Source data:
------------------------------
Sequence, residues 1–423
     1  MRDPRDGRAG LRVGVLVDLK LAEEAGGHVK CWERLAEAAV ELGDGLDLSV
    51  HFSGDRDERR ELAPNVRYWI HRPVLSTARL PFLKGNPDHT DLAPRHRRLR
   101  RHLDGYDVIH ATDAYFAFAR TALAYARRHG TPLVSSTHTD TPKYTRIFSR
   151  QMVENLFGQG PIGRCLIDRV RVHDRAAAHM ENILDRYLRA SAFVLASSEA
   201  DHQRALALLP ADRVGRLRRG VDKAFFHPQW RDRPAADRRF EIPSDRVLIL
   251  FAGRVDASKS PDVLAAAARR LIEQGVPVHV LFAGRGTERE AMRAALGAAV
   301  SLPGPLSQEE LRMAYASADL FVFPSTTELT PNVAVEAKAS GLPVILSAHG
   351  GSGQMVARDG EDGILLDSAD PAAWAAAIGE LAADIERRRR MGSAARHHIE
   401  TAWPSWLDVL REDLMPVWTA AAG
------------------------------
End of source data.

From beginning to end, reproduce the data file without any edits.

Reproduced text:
Sequence, residues 1–423
     1  MRDPRDGRAG LRVGVLVDLK LAEEAGGHVK CWERLAEAAV ELGDGLDLSV
    51  HFSGDRDERR ELAPNVRYWI HRPVLSTARL PFLKGNPDHT DLAPRHRRLR
   101  RHLDGYDVIH ATDAYFAFAR TALAYARRHG TPLVSSTHTD TPKYTRIFSR
   151  QMVENLFGQG PIGRCLIDRV RVHDRAAAHM ENILDRYLRA SAFVLASSEA
   201  DHQRALALLP ADRVGRLRRG VDKAFFHPQW RDRPAADRRF EIPSDRVLIL
   251  FAGRVDASKS PDVLAAAARR LIEQGVPVHV LFAGRGTERE AMRAALGAAV
   301  SLPGPLSQEE LRMAYASADL FVFPSTTELT PNVAVEAKAS GLPVILSAHG
   351  GSGQMVARDG EDGILLDSAD PAAWAAAIGE LAADIERRRR MGSAARHHIE
   401  TAWPSWLDVL REDLMPVWTA AAG